Altered interferon-γ expression in lymphocytes as a potential peripheral marker of chronic stress-induced cognitive deficit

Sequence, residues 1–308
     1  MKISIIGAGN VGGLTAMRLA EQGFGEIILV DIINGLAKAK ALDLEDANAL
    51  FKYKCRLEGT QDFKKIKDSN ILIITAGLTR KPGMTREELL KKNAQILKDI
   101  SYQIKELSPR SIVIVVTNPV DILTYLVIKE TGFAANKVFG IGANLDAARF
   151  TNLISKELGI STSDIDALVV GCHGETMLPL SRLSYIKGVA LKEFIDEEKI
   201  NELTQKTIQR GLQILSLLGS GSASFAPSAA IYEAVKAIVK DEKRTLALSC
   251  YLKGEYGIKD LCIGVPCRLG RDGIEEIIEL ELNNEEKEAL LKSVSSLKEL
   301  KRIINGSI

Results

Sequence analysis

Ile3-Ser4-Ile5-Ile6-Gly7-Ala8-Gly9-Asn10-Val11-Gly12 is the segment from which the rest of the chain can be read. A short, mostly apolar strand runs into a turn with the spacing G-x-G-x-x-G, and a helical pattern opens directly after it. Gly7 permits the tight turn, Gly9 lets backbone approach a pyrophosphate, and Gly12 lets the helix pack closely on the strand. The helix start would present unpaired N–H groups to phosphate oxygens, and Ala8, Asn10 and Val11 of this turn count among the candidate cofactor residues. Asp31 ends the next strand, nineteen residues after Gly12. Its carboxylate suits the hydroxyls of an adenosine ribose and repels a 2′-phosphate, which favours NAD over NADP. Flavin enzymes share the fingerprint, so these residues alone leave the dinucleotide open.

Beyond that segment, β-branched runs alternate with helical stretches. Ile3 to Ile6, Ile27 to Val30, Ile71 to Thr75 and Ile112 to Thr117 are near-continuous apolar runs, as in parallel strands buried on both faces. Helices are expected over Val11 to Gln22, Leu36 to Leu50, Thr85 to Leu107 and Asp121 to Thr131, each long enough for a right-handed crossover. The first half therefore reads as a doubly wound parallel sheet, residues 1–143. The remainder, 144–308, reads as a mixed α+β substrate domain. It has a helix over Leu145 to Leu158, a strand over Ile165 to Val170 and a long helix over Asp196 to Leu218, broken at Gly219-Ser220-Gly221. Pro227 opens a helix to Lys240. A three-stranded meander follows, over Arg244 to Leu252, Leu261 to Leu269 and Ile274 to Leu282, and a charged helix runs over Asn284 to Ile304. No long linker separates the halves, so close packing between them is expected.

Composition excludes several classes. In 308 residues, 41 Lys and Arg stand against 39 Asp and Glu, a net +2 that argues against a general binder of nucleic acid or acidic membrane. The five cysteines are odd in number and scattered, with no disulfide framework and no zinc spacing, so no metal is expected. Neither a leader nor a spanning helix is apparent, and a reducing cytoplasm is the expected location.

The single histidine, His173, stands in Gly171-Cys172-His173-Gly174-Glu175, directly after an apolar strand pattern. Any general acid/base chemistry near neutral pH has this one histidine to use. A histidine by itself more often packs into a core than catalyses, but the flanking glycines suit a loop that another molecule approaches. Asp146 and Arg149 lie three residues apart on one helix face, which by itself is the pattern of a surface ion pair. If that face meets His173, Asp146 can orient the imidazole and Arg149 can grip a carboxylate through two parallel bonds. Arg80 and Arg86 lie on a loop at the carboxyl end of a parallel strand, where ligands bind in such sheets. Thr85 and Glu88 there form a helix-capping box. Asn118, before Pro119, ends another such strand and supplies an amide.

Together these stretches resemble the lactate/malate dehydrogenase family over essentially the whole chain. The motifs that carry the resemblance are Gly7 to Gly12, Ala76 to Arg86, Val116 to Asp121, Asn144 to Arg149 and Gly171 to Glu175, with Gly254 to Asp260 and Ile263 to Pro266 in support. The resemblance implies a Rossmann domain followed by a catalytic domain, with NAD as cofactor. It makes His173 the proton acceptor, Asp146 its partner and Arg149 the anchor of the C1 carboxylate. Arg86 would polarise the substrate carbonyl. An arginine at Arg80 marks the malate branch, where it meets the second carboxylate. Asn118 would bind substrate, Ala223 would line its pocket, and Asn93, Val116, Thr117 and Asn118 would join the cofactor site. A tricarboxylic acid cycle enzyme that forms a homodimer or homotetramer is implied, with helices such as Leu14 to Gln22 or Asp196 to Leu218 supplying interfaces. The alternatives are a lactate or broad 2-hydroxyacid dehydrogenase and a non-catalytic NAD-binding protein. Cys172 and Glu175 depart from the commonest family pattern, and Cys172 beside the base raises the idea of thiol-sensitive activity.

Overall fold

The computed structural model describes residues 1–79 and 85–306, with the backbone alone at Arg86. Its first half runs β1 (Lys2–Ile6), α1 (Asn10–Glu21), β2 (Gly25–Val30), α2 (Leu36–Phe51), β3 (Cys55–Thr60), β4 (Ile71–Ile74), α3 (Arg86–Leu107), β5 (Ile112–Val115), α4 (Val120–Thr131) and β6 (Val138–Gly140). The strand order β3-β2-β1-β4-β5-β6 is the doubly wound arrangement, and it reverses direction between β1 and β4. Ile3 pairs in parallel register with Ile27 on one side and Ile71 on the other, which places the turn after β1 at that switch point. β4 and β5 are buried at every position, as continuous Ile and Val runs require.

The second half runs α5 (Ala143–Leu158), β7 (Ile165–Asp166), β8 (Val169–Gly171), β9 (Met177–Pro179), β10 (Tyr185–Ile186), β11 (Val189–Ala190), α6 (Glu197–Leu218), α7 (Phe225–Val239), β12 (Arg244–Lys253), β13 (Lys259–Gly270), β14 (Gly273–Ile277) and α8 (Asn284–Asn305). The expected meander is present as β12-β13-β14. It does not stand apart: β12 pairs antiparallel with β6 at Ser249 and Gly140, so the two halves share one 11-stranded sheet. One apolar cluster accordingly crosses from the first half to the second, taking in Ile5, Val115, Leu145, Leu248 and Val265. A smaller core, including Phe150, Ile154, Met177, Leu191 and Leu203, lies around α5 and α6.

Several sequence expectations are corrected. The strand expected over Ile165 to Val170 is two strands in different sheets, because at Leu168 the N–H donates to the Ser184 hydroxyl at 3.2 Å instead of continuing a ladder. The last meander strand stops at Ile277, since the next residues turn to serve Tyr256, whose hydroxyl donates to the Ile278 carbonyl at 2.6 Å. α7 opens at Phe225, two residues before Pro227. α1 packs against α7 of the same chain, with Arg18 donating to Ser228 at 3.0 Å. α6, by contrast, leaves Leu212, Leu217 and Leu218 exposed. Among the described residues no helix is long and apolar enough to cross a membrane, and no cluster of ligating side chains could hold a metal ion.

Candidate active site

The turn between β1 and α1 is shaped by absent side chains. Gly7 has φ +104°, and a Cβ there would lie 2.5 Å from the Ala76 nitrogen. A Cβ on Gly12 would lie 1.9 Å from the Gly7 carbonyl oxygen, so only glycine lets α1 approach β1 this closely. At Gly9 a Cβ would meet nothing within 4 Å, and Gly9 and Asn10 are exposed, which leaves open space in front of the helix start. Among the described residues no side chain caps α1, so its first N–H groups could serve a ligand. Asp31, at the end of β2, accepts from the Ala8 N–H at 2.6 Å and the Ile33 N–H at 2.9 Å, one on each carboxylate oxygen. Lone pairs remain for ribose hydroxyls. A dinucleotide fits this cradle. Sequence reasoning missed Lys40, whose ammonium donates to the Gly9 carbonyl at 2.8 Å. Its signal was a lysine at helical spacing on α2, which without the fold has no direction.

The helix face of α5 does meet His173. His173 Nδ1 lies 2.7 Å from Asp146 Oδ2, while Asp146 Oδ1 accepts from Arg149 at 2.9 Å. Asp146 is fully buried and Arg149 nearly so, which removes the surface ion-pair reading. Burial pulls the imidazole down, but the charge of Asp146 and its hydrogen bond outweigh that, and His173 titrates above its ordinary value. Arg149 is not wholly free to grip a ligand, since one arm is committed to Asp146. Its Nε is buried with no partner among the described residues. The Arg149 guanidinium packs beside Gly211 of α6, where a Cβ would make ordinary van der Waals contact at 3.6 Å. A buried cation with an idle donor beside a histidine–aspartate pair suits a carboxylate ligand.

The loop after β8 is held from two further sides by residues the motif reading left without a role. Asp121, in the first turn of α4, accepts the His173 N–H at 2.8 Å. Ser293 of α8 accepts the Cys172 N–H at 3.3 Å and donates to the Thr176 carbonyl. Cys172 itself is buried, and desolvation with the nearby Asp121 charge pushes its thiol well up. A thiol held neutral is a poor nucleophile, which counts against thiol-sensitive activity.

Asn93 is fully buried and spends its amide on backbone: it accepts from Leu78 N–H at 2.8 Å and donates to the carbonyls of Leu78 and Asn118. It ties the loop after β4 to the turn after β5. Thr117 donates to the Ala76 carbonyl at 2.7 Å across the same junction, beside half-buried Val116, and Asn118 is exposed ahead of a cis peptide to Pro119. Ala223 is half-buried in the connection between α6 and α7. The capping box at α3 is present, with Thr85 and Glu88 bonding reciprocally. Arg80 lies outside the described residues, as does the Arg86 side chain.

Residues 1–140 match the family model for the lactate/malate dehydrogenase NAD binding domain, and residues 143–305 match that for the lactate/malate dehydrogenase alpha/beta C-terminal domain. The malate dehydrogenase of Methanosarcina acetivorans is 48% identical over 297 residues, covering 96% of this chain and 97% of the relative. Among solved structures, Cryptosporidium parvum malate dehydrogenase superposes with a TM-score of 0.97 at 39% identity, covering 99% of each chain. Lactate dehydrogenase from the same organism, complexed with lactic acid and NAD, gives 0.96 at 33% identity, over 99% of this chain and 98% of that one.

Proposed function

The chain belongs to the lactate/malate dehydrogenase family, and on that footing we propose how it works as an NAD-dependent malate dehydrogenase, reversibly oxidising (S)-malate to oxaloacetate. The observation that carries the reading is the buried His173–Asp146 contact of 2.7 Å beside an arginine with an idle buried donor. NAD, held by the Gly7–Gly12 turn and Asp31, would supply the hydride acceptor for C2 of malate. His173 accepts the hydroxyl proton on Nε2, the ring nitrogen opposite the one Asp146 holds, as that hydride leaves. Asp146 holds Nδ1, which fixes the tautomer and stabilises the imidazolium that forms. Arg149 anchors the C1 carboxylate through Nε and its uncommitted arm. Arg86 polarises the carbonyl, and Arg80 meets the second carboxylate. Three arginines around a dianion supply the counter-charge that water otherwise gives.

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HighlightsChronic mild stress induced a poor performance in Barnes maze task.Cognitive deficit was related to Th1/Th2 balance changes in the hippocampus.These changes were found in peripheral lymphocytes as well.Glatiramer acetate treatment reverted biochemical and cognitive alterations.IFN-γ could be a peripheral biomarker of cognitive deficit and treatment response.It is known that long-term exposure to stressful situations can produce severe consequences affecting behavioral, endocrine and immunological parameters. We have previously shown that stressed BALB/c mice had poor learning performance, which was reverted by glatiramer acetate treatment through a mechanism that likely involved the regulation of the cytokine balance and adult neurogenesis. In addition, recent results suggest that cytokine and neurotrophin expression in the hippocampus displayed similar tendencies as those in the serum. However, if lymphoid cells could be good candidates as peripheral markers of memory impairment have not yet been investigated. For this purpose, we analyzed the spatial memory and the neutrophin and cytokine mRNA levels in lymph nodes and hippocampus in mice submitted to chronic stress treated or not with glatiramer acetate. Results indicated that there was a correlation between the cytokine and neurotrophin mRNA levels in the hippocampus and in the peripheral lymph nodes, and the cognitive performance in BALB/c mice. In particular, our results suggest that altered IFN-γ levels could be used as peripheral biomarker of cognitive deficit and treatment response.

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